PASADENA, Calif.—Scientists, philanthropists, and other dignitaries on March 23 officially dedicated the new Molecular Observatory for Structural Molecular Biology at the Stanford Synchrotron Radiation Laboratory (SSRL), an exceptional new tool in the study of living systems. The observatory is a collaboration between the California Institute of Technology and Stanford, with funding by the Gordon and Betty Moore Foundation.
According to Douglas Rees, the Dickinson Professor of Chemistry at Caltech and a principal investigator on the project, the molecular observatory will make it possible to see biological molecules that are responsible for cellular functions, thereby allowing a new level of detail in the "atomic-scale blueprints" of living matter. The facility will thereby provide a key resource in the field of structural biology, which aims at better understanding larger functions of living things by closely investigating their molecular components.
At the heart of the molecular laboratory is the SSRL's synchrotron electron accelerator, which allows powerful X rays to be used for ultrabright beams that can be focused with pin-like precision on extremely small samples. The result is a pattern from the molecules of the sample—a protein, for example—that can be more readily interpreted to yield the atomic structure than with more conventional sources.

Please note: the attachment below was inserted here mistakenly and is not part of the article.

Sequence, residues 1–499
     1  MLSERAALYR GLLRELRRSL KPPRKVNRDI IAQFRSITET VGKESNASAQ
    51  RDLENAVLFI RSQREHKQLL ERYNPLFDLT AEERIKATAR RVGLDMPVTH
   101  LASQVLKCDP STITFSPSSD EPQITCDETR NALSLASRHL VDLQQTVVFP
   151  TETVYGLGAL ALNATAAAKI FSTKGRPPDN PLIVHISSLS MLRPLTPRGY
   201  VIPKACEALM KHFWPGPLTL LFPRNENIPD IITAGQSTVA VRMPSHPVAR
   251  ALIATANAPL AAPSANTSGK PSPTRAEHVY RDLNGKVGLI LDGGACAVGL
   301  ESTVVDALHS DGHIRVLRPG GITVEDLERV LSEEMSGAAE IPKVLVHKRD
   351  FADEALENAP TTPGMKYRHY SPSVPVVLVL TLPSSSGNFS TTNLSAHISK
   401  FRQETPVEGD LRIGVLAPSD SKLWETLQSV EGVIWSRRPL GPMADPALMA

Among the goals of the researchers is to obtain images of macromolecules such as proteins, nucleic acids, and complexes of these macromolecules for new insights into how chemistry is regulated within living cells.
The new observatory will also provide remote control to allow researchers from all over the world to conduct their experiments without having to travel to the lab site.
Development and installation of the observatory was funded by the Gordon and Betty Moore Foundation through an agreement between Caltech, Stanford, and the Stanford Linear Accelerator Center (SLAC) and SSRL. SLAC and SSRL are operated by Stanford and funded in part by the Department of Energy's Office of Science.
The Gordon and Betty Moore Foundation, established in 2000, seeks to advance environmental conservation and cutting-edge scientific research around the world and improve the quality of life in the San Francisco Bay Area. The foundation has committed $300 million in potential grants over 10 years to the California Institute of Technology to support the institution in maintaining its position at the forefront of higher science and technology education and research. For more information, visit http://www.moore.org.